As corporates continue their pursuit of excellence,
through a combination of reducing operational costs, improving operational
efficiencies and optimising the use of cash balances, there is a continued need
to refine and even redefine the banking integration model. Initially, driven by
the advance of innovations in technology the focus was on removing paper from
the payment process with the use of bank proprietary electronic banking
(e-banking) systems. This typically provided a workflow for the payment creation
and approval process, in addition to providing visibility around the balance and
However, this model still required manual
intervention. As corporates improved their own internal architecture through the
adoption of enterprise resource planning (ERP) and treasury management systems
(TMS) from SAP, Oracle and SunGard, the focus moved to achieving greater
automation – effectively ‘straight-through processing’ (STP) processing. The
supporting technology evolution of these systems allowed banks and corporates to
adopt a broader range of proprietary online and host-to-host connections.
While this technology enabled greater automation, it also introduced
different complexities and inefficiencies as well as a new focus on reducing
operational costs. To address the challenges around proprietary host-to-host
connections, banks and corporates turned their attention to the adoption of open
standards, which offered the opportunity to remove current complexity in the
corporate to bank space and provide a more ‘bank agnostic’ model. These open
standards often evolved from local market practices, or industry initiatives.
Competitive Boundaries have Changed
While various standards have
been available, many were industry specific or had limited geographical
adaptation. With the birth of global standards, for example in the form of the
Internet and HTML generally speaking and subsequently SWIFTNet for Corporates
and ISO 20022 XML messaging specifically, this effectively changed the
competitive boundaries on a global level. For the multi-banked corporate,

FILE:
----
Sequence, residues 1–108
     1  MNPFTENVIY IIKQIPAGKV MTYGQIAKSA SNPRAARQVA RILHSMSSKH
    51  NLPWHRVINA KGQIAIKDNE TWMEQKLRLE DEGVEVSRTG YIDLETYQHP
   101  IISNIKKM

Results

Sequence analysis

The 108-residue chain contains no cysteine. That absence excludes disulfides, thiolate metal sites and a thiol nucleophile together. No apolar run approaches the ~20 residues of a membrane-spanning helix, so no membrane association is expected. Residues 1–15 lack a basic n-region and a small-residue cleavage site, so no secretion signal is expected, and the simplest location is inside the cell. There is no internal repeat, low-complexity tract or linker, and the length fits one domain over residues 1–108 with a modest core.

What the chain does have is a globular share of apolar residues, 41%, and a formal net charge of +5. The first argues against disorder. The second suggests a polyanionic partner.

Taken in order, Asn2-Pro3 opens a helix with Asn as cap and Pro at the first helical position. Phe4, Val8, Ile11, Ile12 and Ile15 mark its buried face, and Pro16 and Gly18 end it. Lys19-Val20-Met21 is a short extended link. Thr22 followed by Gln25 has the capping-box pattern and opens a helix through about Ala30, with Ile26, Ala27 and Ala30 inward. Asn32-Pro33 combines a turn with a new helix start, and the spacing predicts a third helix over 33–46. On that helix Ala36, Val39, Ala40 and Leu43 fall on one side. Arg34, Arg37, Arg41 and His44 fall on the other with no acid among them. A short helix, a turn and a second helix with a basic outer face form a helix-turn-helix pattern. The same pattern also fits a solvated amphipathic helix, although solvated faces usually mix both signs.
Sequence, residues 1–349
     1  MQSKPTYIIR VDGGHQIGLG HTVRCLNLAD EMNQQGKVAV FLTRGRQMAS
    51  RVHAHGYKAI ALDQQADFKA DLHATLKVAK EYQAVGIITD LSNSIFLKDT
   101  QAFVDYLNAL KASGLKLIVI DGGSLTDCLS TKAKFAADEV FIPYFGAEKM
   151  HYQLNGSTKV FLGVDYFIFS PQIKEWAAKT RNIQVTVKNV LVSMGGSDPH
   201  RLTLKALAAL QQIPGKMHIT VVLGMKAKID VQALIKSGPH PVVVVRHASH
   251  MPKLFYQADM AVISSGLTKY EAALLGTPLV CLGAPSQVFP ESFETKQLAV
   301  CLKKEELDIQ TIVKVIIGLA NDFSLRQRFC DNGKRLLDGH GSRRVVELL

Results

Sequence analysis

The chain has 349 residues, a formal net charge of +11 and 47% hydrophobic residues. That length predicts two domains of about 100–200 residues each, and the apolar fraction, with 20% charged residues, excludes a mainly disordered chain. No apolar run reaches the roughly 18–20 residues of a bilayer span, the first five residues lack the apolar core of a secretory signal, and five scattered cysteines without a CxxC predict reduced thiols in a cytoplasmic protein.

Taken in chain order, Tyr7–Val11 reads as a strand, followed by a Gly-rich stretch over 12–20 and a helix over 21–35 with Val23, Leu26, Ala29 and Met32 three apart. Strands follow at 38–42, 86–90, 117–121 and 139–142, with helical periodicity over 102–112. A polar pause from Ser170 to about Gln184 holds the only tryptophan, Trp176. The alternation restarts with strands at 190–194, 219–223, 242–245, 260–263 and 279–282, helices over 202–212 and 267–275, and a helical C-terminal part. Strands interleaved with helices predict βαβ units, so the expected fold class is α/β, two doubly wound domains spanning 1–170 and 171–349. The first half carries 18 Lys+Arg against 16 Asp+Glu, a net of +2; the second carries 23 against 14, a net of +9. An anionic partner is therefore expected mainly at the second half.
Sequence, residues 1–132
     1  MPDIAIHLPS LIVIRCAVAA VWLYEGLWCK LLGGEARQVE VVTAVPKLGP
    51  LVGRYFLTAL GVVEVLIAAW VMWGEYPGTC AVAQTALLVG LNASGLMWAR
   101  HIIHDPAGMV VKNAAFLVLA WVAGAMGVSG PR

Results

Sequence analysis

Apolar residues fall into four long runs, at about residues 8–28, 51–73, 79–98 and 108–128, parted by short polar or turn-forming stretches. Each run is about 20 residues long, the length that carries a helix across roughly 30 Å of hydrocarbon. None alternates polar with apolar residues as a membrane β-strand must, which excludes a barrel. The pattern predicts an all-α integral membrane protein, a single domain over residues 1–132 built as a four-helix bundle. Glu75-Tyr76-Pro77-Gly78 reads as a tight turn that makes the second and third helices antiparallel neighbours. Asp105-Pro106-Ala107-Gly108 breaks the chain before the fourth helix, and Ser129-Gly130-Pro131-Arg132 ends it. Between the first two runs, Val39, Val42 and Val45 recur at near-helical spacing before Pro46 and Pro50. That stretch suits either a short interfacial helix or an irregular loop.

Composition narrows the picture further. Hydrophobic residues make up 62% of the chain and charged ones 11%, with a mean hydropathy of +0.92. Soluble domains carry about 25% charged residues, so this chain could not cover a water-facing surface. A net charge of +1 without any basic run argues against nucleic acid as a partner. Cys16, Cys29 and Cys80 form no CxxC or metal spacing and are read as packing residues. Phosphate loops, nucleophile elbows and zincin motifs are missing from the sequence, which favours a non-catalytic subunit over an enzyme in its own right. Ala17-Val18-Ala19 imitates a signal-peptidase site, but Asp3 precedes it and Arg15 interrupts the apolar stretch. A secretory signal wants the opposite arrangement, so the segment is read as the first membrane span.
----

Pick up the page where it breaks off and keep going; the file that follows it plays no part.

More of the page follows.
proprietary banking technology is far less attractive as the focus is now around
establishing a more simplified and standardised bank agnostic model that
provided the required portability in order to help manage both counterparty risk
and banking relationships in general.
1 below shows the corporate view on where the collaborative and
competitive boundaries are placed:
the above has changed the mindset of the banking community, as proprietary
connectivity models have become less attractive to the multi-banked corporate.
As banks look to differentiate their service proposition to ultimately drive
deeper wallet share, investment dollars are now primarily focusing in the value
Given that payments have become a commodity, the goal
is to take a more holistic look at the cash management space to understand the
challenges that still exist and determine what opportunities are there for the
banks to deliver greater value. In addition, the focus has shifted from
primarily pursuing portable or bank agnostic solutions to cost efficiencies.
This has been an important development as this has created a common interest
between the corporates and the banks; using standards means simpler system
architecture, easier maintenance, and more agile processes. All of that
translates to fewer investments, increased productivity and faster
As the banking integration model
continues to evolve, Citi has noticed a very clear trend as corporates look to
achieve greater centralisation, automation and standardisation. These trends
are creating new business needs. Corporates and banks are responding by
implementing best practices that pursue the centralisation, automation and
standardisation of business processes to achieve a more visible and efficient
cash management model.
While the adoption of global standards
provides the opportunity to simplify and standardise the integration model,